Welcome to Talkin’ Oscars, the second part in an open-ended three-part series in which our two writers discuss the recently announced nominations for the 86th Academy Awards. We continue our discussion with a look at the Best Actor and Best Actress races. Read our thoughts from Tuesday on the Best Picture race. Andrew Johnson: Now that we've both aligned ourselves with #TeamNotAmericanHustle, let's delve in to some of the other major awards. Since you brought up Philomena, the Best Actress race seems like a good place to start.
Judi Dench, the star of that film, is one of the five nominees along with Sandra Bullock (Gravity), Amy Adams (American Hustle), Cate Blanchett (Blue Jasmine) and Meryl Streep (August: Osage County). That's some acting royalty right there. With the exception of Adams, all of them have already won an Oscar (or three in the case of Streep). This is such a heavy-hitting collection of talent, that if someone was asked to simply come up with a list of the five best actresses working right now, you could see them picking these five women.
Doesn't that seem a little odd? Usually, an upstart or two comes out of nowhere to earn a nomination (see Quvenzhane Wallis and Emmanuelle Riva last year).
Even odder is that this apparently isn't a close race. Blanchett has emerged as the runaway favorite for her turn as the unhinged title character of Woody Allen's latest. Despite the impressive CVs of her competitors, Blanchett apparently (clear eyes, full hearts!) can't lose.
It's easy to understand why she's the favorite if you've seen Blue Jasmine. She IS that film -- her performance creating the unsettling, unsatisfying mood of the whole picture. I won't be upset if she wins at all, but I must confess to being a little bit puzzled by the inevitability of her victory. I thought Sandy Bullock was terrific in Gravity. Like Blanchett, she IS that film, only in a more literal sense because other than about 15 minutes of George Clooney, it's just her, a green screen and the best special effects money can buy. Her portrayal of Dr. Ryan Stone had a more subtle brilliance than Blanchett's. All the same, it's one I'd be revisiting if I had a vote. I'm not certain I wouldn't cast my hypothetical ballot for Blanchett, I'm just saying I'm not certain either way.
So, what am I missing about Blanchett's performance that makes her such a huge favorite?
Steve Cimino: In any other year, I wouldn't mind if Amy Adams or Sandy Bullock won. I'm not sure what we're supposed to take away from Adams' character arc at the end of American Hustle, but I do know she was acting her ass off trying to figure it out. And Bullock is a one-woman show in Gravity; nobody swings 'round a satellite quite like her. Think about all the horrible performances we've seen in effects-heavy blockbusters; it's not easy to fake being very scared about floating wildly in space.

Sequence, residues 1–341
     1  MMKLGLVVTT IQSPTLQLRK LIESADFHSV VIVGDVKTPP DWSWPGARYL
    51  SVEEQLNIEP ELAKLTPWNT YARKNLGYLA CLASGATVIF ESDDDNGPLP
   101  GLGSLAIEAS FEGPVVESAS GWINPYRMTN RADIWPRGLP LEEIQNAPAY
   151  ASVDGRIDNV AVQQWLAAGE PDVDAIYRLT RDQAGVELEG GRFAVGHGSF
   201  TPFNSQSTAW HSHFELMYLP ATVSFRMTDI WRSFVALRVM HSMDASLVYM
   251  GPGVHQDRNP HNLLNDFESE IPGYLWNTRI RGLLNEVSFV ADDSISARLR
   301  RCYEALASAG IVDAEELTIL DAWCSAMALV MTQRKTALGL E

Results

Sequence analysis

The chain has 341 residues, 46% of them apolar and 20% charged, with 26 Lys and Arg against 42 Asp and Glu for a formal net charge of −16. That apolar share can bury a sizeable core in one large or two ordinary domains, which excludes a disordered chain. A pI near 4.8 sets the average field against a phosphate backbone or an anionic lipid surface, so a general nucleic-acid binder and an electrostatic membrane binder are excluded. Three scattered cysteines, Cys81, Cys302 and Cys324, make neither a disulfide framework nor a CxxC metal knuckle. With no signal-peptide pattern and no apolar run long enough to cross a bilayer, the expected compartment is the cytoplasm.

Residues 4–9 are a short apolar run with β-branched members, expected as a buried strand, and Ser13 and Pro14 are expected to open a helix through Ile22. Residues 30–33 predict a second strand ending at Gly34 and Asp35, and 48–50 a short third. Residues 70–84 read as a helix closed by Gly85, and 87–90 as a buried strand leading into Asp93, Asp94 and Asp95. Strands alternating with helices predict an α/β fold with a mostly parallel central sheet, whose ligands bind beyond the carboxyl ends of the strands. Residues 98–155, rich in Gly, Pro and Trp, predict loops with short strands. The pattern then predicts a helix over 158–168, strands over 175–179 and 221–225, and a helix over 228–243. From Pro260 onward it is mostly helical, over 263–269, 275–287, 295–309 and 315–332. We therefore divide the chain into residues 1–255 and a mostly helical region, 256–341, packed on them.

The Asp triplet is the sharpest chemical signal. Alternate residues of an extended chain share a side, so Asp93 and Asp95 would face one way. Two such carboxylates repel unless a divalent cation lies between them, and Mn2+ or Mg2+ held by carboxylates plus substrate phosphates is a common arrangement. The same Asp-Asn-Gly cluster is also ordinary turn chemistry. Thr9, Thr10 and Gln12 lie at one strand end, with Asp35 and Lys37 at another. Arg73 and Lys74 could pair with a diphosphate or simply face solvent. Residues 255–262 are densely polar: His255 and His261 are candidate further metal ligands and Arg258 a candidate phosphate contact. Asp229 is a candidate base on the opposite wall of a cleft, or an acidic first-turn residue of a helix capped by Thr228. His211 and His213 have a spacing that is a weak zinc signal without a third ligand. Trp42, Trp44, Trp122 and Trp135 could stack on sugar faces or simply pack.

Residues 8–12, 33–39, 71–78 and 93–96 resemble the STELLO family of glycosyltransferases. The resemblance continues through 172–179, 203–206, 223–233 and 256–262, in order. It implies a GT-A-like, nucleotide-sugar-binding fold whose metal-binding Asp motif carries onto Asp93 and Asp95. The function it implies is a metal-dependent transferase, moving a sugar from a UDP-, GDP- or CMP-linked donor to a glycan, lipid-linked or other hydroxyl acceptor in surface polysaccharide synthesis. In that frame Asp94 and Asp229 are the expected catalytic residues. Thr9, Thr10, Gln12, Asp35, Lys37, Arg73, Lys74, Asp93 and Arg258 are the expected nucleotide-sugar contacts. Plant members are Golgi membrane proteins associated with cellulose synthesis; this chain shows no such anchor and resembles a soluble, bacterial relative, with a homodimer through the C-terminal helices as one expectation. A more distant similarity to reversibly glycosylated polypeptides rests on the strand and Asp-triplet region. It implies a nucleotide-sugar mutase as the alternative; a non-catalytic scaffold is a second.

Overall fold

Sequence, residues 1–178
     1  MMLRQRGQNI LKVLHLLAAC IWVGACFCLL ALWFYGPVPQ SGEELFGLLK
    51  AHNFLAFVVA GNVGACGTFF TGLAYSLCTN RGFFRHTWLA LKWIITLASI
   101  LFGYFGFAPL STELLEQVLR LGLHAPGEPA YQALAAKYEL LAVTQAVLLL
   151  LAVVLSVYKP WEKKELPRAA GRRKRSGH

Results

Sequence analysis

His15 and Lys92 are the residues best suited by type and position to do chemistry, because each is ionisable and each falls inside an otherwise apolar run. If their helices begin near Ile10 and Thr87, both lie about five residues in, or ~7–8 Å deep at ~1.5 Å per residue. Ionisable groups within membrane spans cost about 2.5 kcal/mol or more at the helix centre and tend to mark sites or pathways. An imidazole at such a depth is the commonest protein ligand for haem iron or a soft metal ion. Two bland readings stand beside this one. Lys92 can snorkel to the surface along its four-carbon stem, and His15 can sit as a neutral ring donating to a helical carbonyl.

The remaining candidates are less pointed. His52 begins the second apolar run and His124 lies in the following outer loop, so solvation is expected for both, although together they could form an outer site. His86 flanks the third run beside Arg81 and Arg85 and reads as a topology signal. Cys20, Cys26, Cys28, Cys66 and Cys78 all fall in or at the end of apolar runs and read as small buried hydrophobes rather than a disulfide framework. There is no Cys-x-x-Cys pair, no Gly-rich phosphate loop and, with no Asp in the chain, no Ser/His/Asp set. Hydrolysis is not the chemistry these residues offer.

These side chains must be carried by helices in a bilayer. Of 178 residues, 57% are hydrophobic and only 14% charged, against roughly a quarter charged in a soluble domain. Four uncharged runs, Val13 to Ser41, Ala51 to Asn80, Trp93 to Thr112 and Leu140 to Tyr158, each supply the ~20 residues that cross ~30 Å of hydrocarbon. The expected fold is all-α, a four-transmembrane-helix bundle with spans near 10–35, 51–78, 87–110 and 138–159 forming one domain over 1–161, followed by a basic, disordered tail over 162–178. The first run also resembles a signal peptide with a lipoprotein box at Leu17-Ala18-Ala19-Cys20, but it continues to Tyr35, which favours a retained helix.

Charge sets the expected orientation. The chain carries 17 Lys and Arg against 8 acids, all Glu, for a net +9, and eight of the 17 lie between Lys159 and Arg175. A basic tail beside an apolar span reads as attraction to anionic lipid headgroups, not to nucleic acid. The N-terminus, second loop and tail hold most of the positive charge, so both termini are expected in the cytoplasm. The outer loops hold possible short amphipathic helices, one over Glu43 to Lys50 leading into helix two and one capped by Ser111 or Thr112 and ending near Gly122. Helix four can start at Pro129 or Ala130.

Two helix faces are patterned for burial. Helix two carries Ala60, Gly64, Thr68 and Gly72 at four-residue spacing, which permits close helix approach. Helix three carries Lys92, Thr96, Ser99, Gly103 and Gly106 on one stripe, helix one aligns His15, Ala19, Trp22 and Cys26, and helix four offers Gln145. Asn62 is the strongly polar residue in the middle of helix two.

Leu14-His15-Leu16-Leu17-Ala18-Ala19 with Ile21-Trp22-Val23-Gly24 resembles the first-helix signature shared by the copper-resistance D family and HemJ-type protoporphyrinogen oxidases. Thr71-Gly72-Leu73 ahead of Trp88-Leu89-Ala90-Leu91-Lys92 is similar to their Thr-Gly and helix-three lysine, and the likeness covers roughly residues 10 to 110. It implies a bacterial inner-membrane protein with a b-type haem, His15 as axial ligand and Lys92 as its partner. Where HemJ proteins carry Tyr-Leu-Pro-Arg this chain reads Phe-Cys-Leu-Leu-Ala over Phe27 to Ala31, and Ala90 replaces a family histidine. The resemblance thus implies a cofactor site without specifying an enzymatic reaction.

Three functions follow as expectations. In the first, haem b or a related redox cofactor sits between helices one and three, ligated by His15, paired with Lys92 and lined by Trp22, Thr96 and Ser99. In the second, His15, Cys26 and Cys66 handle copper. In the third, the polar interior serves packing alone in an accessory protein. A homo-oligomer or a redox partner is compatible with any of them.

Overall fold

But it's Blanchett's world and we're all living in it. I put Blue Jasmine in my top 10 and I'm not a big Woody Allen fan; I did it because of her. Her desperation is captivating; watching her try to claw back into proper civilization, knowing all the while that one false move will send her back down the well, was such a treat. I guess she was the Woody-esque protagonist, but there was nothing sympathetic or likable in her character; any interest in her well-being came from the film being told through her point of view, and maybe also the selfish desire that this woman doesn't completely collapse before our eyes. I think throwing yourself into that kind of role and not looking back is, well, maybe daring isn't the right word, but most actresses would look for something redeeming to hold onto. Not Cate.
That said, if enough articles come out saying "it's not over yet," it may not be over. A few people could be swayed to revisit Adams or Bullock (and, as you hinted, Streep might get a handful of votes because she's Streep). But at the end of the day, Academy voters are hopeless sheep; it's always wise to bet on them voting for the front-runner. I think Blanchett deserves it, and I think she'll win easy.
AJ: I have so many questions about this feedback loop you're describing. Something becomes a favorite because people say it's the favorite, and then, in a moment of staggering confirmation bias, the voters get in line basically because someone told them to?